A 2,500-calorie diet is appropriate in some cases. In fact, the Dietary Guidelines for Americans, 2010 notes that sedentary men ages 19 to 30, moderately active men ages 31 to 50, and active adult men over age 50 often require about 2,500 calories a day to maintain a healthy body weight. Very active women may also need 2,500 calories daily. While 2,500 calories daily might seem like a lot, it's still essential to focus on healthy foods to ensure that you are obtaining the nutrients you need.
Go Lean When It Comes to Protein
Individuals following 2,500-calorie meal plans should aim to eat about 6.5 ounces of protein daily, notes the Dietary Guidelines for Americans, 2010. Protein foods include seafood, poultry, lean meats, eggs, soy products, nuts and seeds. A 1-ounce-equivalent from the protein food group includes 1 ounce of seafood, chicken, turkey or lean red meat, one egg, 1/4 cup of tofu or legumes, 1/2 ounce of seeds or nuts, or 1 tablespoon of peanut butter, according to ChooseMyPlate.gov.
Aim to consume 2 cups of fruits and 3.25 cups of veggies while following a 2,500-calorie meal plan. Choose a variety of fruits and vegetables to help ensure that you meet your daily fiber, vitamin and mineral needs. One cup from the fruits group equals 1 cup of 100-percent fruit juice, 1 cup of fresh fruit, or one-half cup of dried fruit. A 1-cup equivalent from the vegetables food group equals 1 cup of raw or cooked veggies, 1 cup of vegetable juice, or 2 cups of leafy greens, according to ChooseMyPlate.gov.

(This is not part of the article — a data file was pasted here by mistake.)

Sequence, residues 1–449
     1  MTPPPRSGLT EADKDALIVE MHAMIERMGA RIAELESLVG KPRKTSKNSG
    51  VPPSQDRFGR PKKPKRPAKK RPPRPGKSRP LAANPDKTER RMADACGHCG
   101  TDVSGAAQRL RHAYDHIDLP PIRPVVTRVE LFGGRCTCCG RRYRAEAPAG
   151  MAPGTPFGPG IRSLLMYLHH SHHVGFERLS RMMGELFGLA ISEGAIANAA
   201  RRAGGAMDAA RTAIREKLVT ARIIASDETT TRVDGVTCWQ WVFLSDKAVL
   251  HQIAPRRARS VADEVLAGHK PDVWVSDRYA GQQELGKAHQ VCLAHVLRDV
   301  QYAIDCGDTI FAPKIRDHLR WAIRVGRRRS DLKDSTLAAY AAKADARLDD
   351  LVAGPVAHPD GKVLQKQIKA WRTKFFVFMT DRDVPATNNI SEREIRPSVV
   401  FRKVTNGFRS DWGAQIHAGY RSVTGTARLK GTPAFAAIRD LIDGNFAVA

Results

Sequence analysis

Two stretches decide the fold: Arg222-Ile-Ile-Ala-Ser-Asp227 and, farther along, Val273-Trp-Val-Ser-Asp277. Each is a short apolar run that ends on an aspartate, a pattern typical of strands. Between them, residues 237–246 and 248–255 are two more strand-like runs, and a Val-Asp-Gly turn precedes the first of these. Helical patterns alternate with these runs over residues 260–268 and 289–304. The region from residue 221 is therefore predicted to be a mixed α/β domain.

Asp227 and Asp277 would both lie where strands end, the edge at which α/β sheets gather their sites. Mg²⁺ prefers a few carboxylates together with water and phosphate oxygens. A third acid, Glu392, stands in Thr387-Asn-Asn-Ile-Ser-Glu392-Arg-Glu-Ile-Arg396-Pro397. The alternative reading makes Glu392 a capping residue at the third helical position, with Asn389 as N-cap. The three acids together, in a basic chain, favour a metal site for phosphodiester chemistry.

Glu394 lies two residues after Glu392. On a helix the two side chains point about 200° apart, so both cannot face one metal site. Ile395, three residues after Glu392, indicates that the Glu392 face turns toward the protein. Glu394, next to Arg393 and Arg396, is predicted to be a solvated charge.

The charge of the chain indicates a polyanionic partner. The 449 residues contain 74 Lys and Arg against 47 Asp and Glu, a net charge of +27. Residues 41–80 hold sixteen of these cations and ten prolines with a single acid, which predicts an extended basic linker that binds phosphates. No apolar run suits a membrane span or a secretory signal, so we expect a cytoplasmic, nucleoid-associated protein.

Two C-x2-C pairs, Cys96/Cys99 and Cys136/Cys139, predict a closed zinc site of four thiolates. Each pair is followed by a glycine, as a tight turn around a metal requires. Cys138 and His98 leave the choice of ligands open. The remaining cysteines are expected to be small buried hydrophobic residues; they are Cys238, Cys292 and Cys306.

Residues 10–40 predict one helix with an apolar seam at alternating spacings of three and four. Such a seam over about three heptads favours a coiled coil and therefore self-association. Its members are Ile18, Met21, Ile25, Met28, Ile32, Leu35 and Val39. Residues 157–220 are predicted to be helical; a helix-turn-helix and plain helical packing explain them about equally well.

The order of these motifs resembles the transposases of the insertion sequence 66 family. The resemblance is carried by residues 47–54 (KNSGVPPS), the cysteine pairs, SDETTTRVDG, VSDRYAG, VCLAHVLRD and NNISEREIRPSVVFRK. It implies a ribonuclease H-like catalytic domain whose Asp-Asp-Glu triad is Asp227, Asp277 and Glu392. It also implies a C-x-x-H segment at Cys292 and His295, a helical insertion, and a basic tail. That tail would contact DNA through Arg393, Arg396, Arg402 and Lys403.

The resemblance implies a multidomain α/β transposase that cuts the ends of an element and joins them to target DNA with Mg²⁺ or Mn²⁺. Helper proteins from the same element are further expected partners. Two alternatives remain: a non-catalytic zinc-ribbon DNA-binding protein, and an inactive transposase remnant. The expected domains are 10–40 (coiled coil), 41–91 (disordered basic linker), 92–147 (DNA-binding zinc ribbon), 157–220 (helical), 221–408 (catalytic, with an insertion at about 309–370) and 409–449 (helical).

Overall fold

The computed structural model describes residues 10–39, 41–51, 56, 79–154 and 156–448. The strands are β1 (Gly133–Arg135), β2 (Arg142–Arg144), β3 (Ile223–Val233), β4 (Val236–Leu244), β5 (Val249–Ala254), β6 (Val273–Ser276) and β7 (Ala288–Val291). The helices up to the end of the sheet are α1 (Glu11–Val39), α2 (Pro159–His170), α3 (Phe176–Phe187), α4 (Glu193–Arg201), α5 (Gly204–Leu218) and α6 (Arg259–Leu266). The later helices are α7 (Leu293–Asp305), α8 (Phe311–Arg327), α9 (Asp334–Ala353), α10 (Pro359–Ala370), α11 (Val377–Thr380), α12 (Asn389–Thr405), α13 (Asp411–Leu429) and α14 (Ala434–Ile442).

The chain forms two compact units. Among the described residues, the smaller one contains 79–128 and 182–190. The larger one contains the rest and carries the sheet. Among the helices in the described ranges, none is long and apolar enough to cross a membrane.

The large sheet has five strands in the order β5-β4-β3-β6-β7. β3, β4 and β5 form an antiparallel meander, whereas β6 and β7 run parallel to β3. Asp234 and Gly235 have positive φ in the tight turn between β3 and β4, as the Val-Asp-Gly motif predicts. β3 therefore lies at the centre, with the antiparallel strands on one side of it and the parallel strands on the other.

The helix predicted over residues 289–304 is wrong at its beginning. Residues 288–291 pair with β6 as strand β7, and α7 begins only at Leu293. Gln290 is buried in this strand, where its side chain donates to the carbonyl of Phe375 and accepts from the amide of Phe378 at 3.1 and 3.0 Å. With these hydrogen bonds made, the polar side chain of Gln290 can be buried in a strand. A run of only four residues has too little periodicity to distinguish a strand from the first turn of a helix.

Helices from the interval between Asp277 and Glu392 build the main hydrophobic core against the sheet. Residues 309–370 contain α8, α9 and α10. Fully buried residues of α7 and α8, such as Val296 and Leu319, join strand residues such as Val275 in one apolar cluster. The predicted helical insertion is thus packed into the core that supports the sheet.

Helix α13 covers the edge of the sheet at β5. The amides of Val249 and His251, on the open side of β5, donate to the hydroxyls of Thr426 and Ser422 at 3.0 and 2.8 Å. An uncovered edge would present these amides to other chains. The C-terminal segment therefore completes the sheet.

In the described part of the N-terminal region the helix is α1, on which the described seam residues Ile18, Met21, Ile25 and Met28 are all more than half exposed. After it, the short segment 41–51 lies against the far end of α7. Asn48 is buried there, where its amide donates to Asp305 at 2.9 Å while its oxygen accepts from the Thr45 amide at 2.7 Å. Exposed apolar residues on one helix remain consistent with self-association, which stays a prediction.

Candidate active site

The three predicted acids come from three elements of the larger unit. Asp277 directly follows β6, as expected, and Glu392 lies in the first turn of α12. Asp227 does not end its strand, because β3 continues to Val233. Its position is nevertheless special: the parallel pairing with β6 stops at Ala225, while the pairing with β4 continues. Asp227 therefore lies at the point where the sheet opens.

Whole Grains Over Refined
Choose about 8.5 ounces from the grains group daily when eating 2,500 calories a day. Reach for whole grains over refined grains when possible because they're higher in fiber, provide greater satiation and contain more essential nutrients. A 1-ounce equivalent from the grains group equals one slice of whole wheat bread, 1 cup of cold cereal or 1/2 cup of cooked oatmeal, brown rice, quinoa or whole-grain pasta, according to ChooseMyPlate.gov.
Watching the Fat in Dairy
You'll also want to include 3 cups from the dairy group daily in your 2,500-calorie meal plan, notes the Dietary Guidelines for Americans, 2010. Opt for low-fat dairy foods when possible, since they contain smaller amounts of saturated fat, which can increase your risk of heart-disease when consumed in excess. A 1-cup equivalent from the dairy food group equals 1 cup of low-fat yogurt or milk, 2 cups of low-fat cottage cheese or 1.5 ounces of reduced-fat cheese.
Keeping the Fats Healthy
Choosing healthy fats – in place of saturated and trans fats – can help reduce your risk of heart disease. Aim for about 7 teaspoons of oil daily, according to the Dietary Guidelines for Americans, 2010. A 1-teaspoon equivalent from the oils food group includes 1 teaspoon of plant-based oil, 1/3 ounce of nuts, 1.5 teaspoons of nut butter, or eight large olives, notes ChooseMyPlate.gov.